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But rather April wet by kind;

For love is full of showers.

Southwell.

CCCCXVI. Flowers of wit ought to spring, as those in a garden do, from their own root and stem, without foreign assistance. I would have a man's wit rather like a fountain, that feeds itself invisibly, than a river, that is supplied by several streams from abroad. --Swift. ,

CCCCXVII.
The sense to value riches, with the art
T' enjoy them, and the virtue to impart,
Not meanly nor ambitously pursu’d,
Not smote by sloth, nor rais'd by servitude
To balance fortune by a just expense,
Join with economy, magnificence;
With splendour, charity; with plenty, health;
Oh! teach us, yet unspoild by wealth,
That secret rare, between th' extremes to move,
Of mad good-nature, and of mean self-love.

Pope. CCCCXVIII. It is safer to affront some people than to oblige them: for the better a man deserves, the worse they will speak of him: as if the possessing of open hatred to their benefactors, were an argument that they lie under no ob. ligation.-Seneca.

CCCCXIX.
Walls of brass resist not
A noble undertaking—nor can vice
Raise any bulwark to make good a place
Where virtue seeks to enter.

Fletcher.
CCCCXX.

. In common cases, the general method I take to bring any gentleman to a patient hearing, is to entertain him with his own commendations: if this simple medicine will not serve, I am forced to dash it with a few drops of stander, which is the best appeaser I know: for many

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of my patients will listen to that, when nothing else can silence them. This recipe however is not palatable, nor ought it to be used but with caution and discretion; I keep it therefore in reserve like laudanum for special occasions. When a patient is far advanced towards his cure, I take him with me to the gallery of the House of Commons, where certain orators, whom I have in my eye, are upon their legs to harangue; and I have always found if a convalescent can hear that, he can hear any thing.--Cumberland.

CCCCXXI. A noble heart, like the sun, showeth its greatest coun! tenance in its lowest estate.-Sir P. Sidney.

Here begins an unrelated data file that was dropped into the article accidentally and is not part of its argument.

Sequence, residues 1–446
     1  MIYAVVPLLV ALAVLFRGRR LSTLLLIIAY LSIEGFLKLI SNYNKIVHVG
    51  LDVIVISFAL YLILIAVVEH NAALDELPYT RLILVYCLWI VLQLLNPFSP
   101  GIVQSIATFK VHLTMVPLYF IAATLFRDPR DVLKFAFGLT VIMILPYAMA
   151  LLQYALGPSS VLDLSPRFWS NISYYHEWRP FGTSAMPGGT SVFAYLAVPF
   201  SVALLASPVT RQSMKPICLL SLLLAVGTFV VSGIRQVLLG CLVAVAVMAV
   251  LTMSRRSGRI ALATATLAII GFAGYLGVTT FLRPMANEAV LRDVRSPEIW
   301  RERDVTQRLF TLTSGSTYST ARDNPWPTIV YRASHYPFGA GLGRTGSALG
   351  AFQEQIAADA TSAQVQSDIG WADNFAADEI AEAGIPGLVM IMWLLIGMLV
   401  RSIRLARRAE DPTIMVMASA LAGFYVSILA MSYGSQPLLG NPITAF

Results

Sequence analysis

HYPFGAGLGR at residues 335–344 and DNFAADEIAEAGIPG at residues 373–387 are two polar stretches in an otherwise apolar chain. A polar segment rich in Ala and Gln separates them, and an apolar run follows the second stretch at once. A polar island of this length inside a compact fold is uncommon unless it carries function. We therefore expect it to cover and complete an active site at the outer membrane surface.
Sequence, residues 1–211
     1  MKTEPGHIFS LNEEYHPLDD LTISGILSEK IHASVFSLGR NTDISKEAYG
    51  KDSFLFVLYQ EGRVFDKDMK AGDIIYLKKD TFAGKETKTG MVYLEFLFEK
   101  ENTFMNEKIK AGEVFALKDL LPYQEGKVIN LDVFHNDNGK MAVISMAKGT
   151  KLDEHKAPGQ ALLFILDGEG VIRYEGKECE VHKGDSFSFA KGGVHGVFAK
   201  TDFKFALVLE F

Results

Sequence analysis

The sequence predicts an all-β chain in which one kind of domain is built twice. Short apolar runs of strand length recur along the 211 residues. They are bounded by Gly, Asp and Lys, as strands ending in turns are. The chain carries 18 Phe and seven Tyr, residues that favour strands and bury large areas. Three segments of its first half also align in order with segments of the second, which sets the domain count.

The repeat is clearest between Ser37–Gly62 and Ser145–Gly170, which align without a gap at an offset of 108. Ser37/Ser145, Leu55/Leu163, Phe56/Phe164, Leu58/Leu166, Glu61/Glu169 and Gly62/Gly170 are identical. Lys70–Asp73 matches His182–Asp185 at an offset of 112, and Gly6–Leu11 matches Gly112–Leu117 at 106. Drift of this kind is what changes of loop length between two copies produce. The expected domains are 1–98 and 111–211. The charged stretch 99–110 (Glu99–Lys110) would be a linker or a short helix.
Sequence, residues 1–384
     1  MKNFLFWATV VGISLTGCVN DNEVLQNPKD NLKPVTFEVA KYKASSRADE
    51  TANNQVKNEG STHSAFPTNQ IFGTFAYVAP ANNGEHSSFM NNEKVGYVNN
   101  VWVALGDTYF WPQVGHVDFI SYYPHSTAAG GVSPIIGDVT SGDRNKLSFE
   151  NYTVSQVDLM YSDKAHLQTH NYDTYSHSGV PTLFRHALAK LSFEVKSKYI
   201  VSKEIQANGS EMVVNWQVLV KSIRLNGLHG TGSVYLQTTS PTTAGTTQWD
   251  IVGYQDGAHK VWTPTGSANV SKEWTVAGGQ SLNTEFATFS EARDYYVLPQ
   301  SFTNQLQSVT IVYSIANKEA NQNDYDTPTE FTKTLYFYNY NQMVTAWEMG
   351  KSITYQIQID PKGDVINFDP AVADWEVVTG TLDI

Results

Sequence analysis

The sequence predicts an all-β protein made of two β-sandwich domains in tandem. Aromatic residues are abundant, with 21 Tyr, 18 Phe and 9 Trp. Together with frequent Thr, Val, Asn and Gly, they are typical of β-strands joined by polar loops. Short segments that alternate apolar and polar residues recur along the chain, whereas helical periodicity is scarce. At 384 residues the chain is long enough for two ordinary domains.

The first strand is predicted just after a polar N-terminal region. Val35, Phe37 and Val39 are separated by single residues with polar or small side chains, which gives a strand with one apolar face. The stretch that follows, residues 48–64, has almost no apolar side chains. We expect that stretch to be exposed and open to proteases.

CCCCXXII. Complaisance, though in itself it be scarce reckoned in the number of moral virtues, is that which gives a lustre to every talent a man can be possessed of. It was Pluto's advice to an unpolished writer, that he should sacrifice to the Graces. In the same manner I would advise every man of learning, who would not appear in the world a mere scholar, or philosopher, to make himself master of the social virtue which I have here mentioned.

Complaisance renders a superior amiable, an equal agreeable, and an inferior acceptable. It smooths distinction, sweetens conversation, and makes every one in the company pleased with himself. It produces good nature and mutual benevolence, encourages the timorous, sooths the turbulent, humanizes the fierce, and distinguishes a society of civilized persons from a confusion of savages. --Addison.

CCCCXXIII.
'The blushing cheek speaks modest mind,
The lips befitting words most kind,
The eye does tempt to love's desire,
And seems to say, “ 'tis cupid's fire;"
Yet all so fair but speak my moan,
Sith naught doth say the heart of stone.

Harrington, 1564

can.

CCCCXXIV. Projectors in a state are generally rewarded above their deserts; projectors in the republic of letters, never: if wrong, every inferior dunce thinks himself entitled to laugh at their disappointment; if right, men of superior talents think their honour engaged to oppose, since every new discovery is a tacit diminution of their own pre-eminence.--Goldsmith.

CCCCXXV. A herald calls himself a king because he has authority to hang, draw, and quarter arms; for assuming a jurisdiction over the distributive justice of titles of honour, as far as words extend, he gives himself as great a latitude that way, as other magistrates used to do, where they have authority, and would enlarge it as far as they